Mini Habits

by Stephen Guise

Troy Shu
Troy Shu
Updated at: February 23, 2024
 4 min read
Mini Habits
Mini Habits

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What are the big ideas?

  1. Small daily actions make a big difference. Doing a little bit every day is better than doing a lot once in a while. Big achievements start with small steps.
  2. Tiny habits lead to big changes. Starting with really small habits every day can help you change your behavior over time. These small habits are easy to keep doing.
  3. Creating habits is more about planning than feeling motivated. It's better to have a good plan for your habits than to rely on how you feel. Believing in your ability to change is important.
  4. New ideas come from thinking differently. Looking at things from the opposite point of view can help you think of new and creative ideas.
  5. Know why you want to form a habit. It's important to understand why you want to start a habit. Writing down these reasons makes them clearer and more important.


The Power and Impact of Small Actions

  • “Doing a little bit is infinitely bigger and better than doing nothing (mathematically and practically speaking).”
  • “Doing a little bit every day has a greater impact than doing a lot on one day.”
  • “Every great accomplishment rests on the foundation of what came before it; when you trace it back, you’ll see one small step that started it all.”
  • “When you invest in yourself in key areas like fitness and learning, you tend to do it in other areas too.”
  • “When you add good habits into your life, it illuminates another possible path, restores your confidence, and gives you hope.”

Mini Habits and Their Role in Behavior Change

  • “A mini habit is basically a much smaller version of a new habit you want to form.”
  • “The foundation of the Mini Habits system is in ‘stupid small’ steps.”
  • “To summarize, a mini habit is a VERY small positive behavior that you force yourself to do every day.”
  • “The Mini Habits strategy is forcing yourself to take 1-4 ‘stupid small’ strategic actions every day. These actions are too small to fail and too small to skip for special occasions.”
  • “Mini habits are too small to fail, even without a cue.”

The Relationship Between Habits, Motivation, and Self-Efficacy

  • “We’re quick to blame ourselves for lack of progress but slow to blame our strategies.”
  • “The only way to create habits is to teach the rest of your brain to like what the prefrontal cortex wants.”
  • “Motivation is unreliable because it’s based on how you feel, and we’ve known for centuries that human feelings are fluid and unpredictable.”
  • “As a behavior begins its transition into habit you will become less emotional about it. It will even begin to seem boring and mundane.”
  • “Self-efficacy is your belief in your ability to influence an outcome.”

Creative Thinking and Problem-Solving through False Faces

  • “In False Faces, you consider the opposite of what you’re currently thinking, and see what creative ideas emerge from that.”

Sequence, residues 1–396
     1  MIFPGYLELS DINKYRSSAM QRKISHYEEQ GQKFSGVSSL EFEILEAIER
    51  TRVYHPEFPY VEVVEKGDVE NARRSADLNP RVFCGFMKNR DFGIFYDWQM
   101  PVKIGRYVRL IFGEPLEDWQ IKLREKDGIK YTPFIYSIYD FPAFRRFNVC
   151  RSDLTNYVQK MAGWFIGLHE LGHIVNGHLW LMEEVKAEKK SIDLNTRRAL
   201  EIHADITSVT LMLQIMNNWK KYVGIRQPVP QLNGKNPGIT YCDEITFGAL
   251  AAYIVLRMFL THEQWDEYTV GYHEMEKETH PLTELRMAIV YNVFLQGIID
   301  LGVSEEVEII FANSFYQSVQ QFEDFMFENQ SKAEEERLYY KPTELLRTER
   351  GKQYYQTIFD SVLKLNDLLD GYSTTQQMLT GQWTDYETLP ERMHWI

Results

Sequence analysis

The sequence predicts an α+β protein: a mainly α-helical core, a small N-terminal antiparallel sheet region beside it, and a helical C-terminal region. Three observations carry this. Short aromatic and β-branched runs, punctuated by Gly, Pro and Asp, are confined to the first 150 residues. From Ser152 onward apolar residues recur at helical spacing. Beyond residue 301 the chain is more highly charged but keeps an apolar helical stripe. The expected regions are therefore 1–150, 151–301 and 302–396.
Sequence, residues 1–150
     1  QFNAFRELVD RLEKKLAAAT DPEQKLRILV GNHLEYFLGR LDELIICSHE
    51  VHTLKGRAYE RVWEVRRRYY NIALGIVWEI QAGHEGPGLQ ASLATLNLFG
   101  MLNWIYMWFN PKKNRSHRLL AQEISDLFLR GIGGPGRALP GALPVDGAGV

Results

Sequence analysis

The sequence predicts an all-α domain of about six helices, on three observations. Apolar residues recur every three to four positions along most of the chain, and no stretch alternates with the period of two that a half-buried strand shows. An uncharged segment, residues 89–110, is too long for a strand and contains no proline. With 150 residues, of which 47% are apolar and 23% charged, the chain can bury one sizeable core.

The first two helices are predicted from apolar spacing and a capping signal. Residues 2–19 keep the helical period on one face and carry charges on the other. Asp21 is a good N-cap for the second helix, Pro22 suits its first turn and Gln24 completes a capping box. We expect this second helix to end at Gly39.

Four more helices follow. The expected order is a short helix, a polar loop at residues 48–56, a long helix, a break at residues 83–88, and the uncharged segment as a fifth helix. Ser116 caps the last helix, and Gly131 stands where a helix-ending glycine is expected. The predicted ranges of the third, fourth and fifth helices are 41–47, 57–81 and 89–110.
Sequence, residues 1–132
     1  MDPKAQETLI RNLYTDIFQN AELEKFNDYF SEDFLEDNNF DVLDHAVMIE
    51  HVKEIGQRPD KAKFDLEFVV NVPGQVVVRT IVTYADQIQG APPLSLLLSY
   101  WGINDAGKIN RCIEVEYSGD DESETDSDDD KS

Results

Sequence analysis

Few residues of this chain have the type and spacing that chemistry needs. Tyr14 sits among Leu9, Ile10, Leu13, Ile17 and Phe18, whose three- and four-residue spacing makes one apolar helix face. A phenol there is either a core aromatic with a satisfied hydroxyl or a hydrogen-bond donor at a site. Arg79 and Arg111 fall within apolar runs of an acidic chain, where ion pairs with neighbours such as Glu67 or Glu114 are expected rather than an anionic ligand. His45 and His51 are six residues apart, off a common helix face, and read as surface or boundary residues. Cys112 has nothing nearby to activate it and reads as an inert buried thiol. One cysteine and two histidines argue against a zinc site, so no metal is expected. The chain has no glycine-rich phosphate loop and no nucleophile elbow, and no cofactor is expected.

• “False Faces generate creative ideas by forcing your mind to zoom out and see the spectrum of possibilities.”

Establishing and Understanding Personal Habits

  • “Make a quick list of habits you’d like to have at some point.”
  • “My rule of thumb is to minify my desired habit until it sounds stupid. When something sounds ‘stupid small’, your brain sees it as non-threatening.”
  • “Once you’ve listed your habits, identify why you want them. But don’t stop there. Ask why again. Continue to ask why until it becomes circular and repetitive, which means that you’ve found the core.”
  • “Writing something down instantly elevates it above all of your other thoughts.”

The Dynamics of Habit Cues and Willpower

  • “The two common habit cues are time-based and activity-based.”
  • “Another problem with specific cues is their additional load on your willpower.”
  • “Small steps get us started and allow us to build momentum towards a meaningful goal, but it works the other way too. If you allow yourself small concessions, soon enough you’ll find them growing against your will.”
  • “Have you noticed that bad habits have multiple cues, while everyone suggests that a good habit should have one cue?”
  • “The five biggest factors found to cause ego depletion were effort perceived difficulty, negative affect, subjective fatigue, and blood glucose levels.”


  1. How can small daily actions impact my long-term goals?
  2. In what areas of my life can I start investing little by little to see significant growth?
  3. What "stupid small" step can I take today towards a new habit I want to form?
  4. How can establishing mini habits help me overcome the reliance on fluctuating motivation?
  5. What opposite perspectives can I consider to enhance my creative thinking and problem-solving?
  6. What core reasons drive me to want to establish certain habits in my life?
  7. How can I use time-based or activity-based cues to trigger my mini habits?
  8. What strategies can I use to prevent small concessions from turning into larger setbacks?

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